The AAAS Science & Technology Policy Fellowships (STPF) is the premier opportunity for outstanding scientists and engineers to learn first-hand about public policy while contributing valuable knowledge and analytical skills to address today’s most pressing societal challenges. STPF fosters a network of STEM leaders who understand government and policymaking. Fellows gain invaluable knowledge of and experience with processes and priorities that drive public policy as well as a holistic understanding of our nation’s scientific enterprise.
Join us on May 30 at 2 p.m. ET for the first of a six-part live chat series with current and alumni fellows. Learn how fellows have been impacting science policy for 46 years. Ask questions to find out Why You? Why Now? Why STPF?
View the full chat schedule here.
The AAAS S&T Policy Fellowships are open to U.S. citizens who hold doctoral level degrees in any of the following:
- Medical and Health sciences.
- Biological, Physical or Earth sciences.
- Social and Behavioral Sciences.
- Computational sciences and Mathematics.
- Engineering disciplines (applicants with an M.S. in engineering and three years of professional experience also qualify).
The application deadline is November 1.
Jessica Soule, STPF Director of Recruitment, Marketing & Alumni Engagement
Asa Rubin, 2018-19 Executive Branch Fellow, Department of Defense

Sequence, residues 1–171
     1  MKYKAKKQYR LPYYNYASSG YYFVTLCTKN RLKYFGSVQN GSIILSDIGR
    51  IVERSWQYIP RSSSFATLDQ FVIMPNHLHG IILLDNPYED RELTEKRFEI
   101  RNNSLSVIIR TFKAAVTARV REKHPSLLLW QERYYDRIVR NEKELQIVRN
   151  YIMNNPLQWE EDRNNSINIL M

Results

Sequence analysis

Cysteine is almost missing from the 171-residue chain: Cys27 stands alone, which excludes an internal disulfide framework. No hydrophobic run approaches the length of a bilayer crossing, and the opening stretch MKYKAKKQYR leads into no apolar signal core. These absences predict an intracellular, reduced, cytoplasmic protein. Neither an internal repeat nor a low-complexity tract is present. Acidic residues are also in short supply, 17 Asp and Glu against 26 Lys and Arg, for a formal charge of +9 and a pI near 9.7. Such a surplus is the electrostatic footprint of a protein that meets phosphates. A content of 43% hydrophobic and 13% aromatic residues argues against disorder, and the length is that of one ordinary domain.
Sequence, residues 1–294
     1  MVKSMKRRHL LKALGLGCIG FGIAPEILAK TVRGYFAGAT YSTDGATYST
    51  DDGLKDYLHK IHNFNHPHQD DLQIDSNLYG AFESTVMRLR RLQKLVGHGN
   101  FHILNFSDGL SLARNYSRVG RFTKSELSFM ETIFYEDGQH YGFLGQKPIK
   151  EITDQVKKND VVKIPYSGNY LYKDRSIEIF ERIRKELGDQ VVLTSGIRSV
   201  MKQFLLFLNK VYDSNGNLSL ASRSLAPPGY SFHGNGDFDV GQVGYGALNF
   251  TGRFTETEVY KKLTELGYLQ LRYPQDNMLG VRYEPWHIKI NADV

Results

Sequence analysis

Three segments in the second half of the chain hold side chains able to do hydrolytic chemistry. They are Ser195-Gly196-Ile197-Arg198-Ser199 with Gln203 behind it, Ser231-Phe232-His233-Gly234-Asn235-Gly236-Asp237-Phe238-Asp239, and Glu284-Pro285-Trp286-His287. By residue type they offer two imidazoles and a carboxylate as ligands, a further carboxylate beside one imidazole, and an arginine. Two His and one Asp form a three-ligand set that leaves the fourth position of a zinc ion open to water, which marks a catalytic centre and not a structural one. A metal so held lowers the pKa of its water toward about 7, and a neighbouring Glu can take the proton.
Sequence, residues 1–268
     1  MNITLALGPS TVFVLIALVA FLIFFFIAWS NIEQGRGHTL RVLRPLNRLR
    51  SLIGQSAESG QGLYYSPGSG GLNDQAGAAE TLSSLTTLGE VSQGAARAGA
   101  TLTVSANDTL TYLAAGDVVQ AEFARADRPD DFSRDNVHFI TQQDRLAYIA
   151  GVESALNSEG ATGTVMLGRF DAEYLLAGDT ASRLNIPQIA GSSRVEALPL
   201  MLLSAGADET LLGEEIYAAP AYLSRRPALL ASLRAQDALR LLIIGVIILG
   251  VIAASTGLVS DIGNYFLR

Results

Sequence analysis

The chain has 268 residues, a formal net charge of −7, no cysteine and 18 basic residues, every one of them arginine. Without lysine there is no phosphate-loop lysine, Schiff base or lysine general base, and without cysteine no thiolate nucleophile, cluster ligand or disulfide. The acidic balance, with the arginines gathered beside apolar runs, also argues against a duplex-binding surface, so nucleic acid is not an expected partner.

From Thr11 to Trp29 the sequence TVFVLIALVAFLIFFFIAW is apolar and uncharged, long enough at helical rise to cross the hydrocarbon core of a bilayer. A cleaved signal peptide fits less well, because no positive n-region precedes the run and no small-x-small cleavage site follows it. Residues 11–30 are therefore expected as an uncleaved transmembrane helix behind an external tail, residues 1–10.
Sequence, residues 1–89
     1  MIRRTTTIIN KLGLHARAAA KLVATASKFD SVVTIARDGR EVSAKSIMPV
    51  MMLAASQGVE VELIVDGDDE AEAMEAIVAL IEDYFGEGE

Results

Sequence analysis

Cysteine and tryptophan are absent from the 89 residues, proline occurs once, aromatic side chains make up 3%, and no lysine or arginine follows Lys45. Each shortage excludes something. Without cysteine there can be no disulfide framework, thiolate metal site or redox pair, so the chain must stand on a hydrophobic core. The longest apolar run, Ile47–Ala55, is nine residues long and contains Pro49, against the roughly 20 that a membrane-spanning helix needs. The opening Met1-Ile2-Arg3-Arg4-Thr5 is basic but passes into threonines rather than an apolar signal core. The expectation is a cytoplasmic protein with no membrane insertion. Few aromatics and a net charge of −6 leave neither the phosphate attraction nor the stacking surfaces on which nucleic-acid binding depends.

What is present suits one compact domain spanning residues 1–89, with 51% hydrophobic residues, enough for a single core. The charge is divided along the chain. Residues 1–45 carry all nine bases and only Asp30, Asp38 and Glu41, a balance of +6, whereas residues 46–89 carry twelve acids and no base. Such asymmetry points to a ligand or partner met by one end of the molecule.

Dr. Rubin grew up in Florida but has spent the last 14 years in the northeast. He studied physics and aerospace engineering at MIT before transitioning to study medicine at Jefferson Medical College in Philadelphia. Asa completed his pathology residency at Jefferson University Hospital and hopes to use his medical and engineering training to help advance policy in different areas while learning about the process.
LaKisha Odom, 2013-15 Executive Branch Fellow, U.S. Department of Agriculture
Dr. Odom joined the Foundation for Food and Agriculture Research (FFAR) in September 2016 as a Scientific Program Director to pursue her commitment to promoting the use of innovative science and interdisciplinary thinking to tackle today’s complex challenges in food and agriculture. She is also extremely committed to cultivating increased diversity in a new generation of food and agriculture scientists. At FFAR, Dr. Odom spearheads scientific direction of the Healthy Soils, Thriving Farms challenge area and manages a portfolio of projects that address issues in soil health, water scarcity, plant efficiency, ecosystem services, and developing the next generation of food and agricultural scientists. Dr. Odom received her B.S. in Environmental Science from Tuskegee University, her M.A. in Environmental Resource Policy from The George Washington University and her Ph.D. in Integrative Biosciences from Tuskegee University.